Restoring Freedom and Independence to East Turkistan and its People

THE TIMES: Evidence of exiled Uighurs’ abduction adds to pressure for investigation of Beijing

The below article was published by The Times, photo credit: GARRY LOTULUNG/REX FEATURES

Evidence of China’s campaign to abduct and forcibly return Uighurs who have fled overseas will be presented to the International Criminal Court (ICC) today amid warnings that time is running out to save the Uighur people from obliteration.

Lawyers for Uighur exiles want the court to open an investigation into Beijing’s abuses in Xinjiang province in northwest China, based on the forced disappearances and returns of Uighurs from foreign countries, to circumvent the fact that China is not an ICC member.

The same principle was applied to investigate Myanmar’s persecution of the Rohingya people, who were forced across the border into Bangladesh. The ICC is also investigating Russia’s alleged abduction of thousands of Ukrainian civilians who have disappeared across the frontier.

“The gravity of mass deportations and disappearances has rightly been recognised by the ICC prosecutor in stating that his office will gather evidence of Ukrainians being sent into Russia,” Rodney Nixon QC, the British barrister leading the case, said. “Similarly such evidence should be assembled and reviewed by the ICC for Uighurs and others being forced into China from ICC territories.”

The evidence being presented to the court includes a first-hand account from a witness who escaped one of the detention camps in Xinjiang, where detainees were routinely warned that they would be tracked down and returned should they escape abroad.

It follows previous submissions detailing the abduction of Uighurs from Tajikistan and Cambodia, including the shrinking of the Uighur population in the Tajik capital, Dushanbe, from 3,000 to 100 over ten years, thanks to Beijing’s returns policy.

The witness, now in the United States, recounts that “daily announcement in the camps threatened detainees that they will never be able to escape the reach of the Chinese state if they went abroad and that they would be tracked down and forced back into China”.

Names of “wanted” Uighurs were broadcast on televisions in the camp alongside announcements and images of people who had been forced back to China. Detainees were promised rewards for information helping to identify and locate those who were missing. Footage of Uighurs being hooded and forced on to aircraft was aired as a warning to anyone thinking of fleeing the country.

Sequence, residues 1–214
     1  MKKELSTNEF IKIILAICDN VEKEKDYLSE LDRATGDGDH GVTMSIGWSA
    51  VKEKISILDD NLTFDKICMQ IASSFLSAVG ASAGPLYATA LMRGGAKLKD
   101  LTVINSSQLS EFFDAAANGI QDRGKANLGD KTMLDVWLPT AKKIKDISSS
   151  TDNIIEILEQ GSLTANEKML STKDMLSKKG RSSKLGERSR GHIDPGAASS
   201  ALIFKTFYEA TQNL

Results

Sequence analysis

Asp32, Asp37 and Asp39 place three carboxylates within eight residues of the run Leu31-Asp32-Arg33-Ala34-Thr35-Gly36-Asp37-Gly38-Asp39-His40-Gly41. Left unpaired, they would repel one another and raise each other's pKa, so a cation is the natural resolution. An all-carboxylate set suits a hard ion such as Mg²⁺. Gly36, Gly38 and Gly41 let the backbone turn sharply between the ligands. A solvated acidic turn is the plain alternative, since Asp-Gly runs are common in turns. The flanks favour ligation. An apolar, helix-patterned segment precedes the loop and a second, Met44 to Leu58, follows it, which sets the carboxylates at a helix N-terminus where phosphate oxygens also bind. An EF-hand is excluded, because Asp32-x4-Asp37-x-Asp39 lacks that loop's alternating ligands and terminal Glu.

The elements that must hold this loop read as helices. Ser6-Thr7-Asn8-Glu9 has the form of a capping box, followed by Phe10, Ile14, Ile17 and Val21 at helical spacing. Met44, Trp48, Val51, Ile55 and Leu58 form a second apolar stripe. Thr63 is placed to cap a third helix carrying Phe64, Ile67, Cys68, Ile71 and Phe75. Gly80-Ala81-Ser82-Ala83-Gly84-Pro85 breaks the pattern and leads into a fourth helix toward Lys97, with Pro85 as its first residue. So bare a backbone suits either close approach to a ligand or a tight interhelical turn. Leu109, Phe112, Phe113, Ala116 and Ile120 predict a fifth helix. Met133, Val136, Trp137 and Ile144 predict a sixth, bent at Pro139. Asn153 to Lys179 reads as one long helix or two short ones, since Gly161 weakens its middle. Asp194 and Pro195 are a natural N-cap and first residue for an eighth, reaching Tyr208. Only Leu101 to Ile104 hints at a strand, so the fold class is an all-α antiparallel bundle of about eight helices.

The witness recounts the harsh treatment he and others received on their return to Xinjiang, including torture in which victims are locked in a “tiger chair”, unable to move while being shocked with electric prods. He also describes forced medical procedures, including injection with an unknown substance.

Today’s submission is the third tranche of evidence sent to the Hague in an effort to persuade the chief prosecutor, Karim Khan, to investigate genocide and crimes against humanity committed against the Uighur population.

Lawyers have been forced to rely on China’s actions in countries where the ICC has jurisdiction rather than solely on the mounting evidence of atrocities. The submission notes that China’s “rounding-up strategy is typical of state authorities that seek to destroy in whole or part another racial, ethnic or religious group”.

“The strategy has parallels to plans in genocides in which victims were rounded up from where they lived and deported into the territory of the perpetrator where they would be targeted,” it continues.

China has become increasingly concerned by the role of Uighur exiles abroad in revealing atrocities in Xinjiang, which the Uighurs call East Turkistan, and has redoubled efforts to silence, intimidate and forcibly return them. Some are never seen again.

The complaint to the court was lodged by an international team led by Dixon on behalf of two Uighur exile groups — the East Turkistan Government in Exile and the East Turkistan National Awakening Movement.

Salih Hudayar, the prime minister of the East Turkistan government in exile, warned that time was running out to save the Uighurs from China’s attempts to erase them.

Since Beijing began its crackdown in Xinjiang in 2014, 850,000 Uighur children have been taken from their parents and sent to boarding schools where they are indoctrinated out of their Uighur identity and taught to be Chinese citizens.

“It’s an entire generation,” Hudayer said. “We are running out of time to save the Uighur people. If the ICC does not act soon to open this investigation, there may no longer be any Uighurs left to help.”

More than 100 of Hudayer’s extended family have been imprisoned in Xinjiang as a result of his activism abroad. “Either I betray my family or I betray my entire nation,” he explained. “We either push back or we accept and die.”

The new submission comes after a widely condemned visit to China by the United Nations human rights chief, Michelle Bachelet, which Hudayer called “a disaster” after she allowed Beijing to stage-manage what she saw of Xinjiang and failed to roundly condemn China’s actions. Bachelet subsequently announced that she would not seek a second term in her role.

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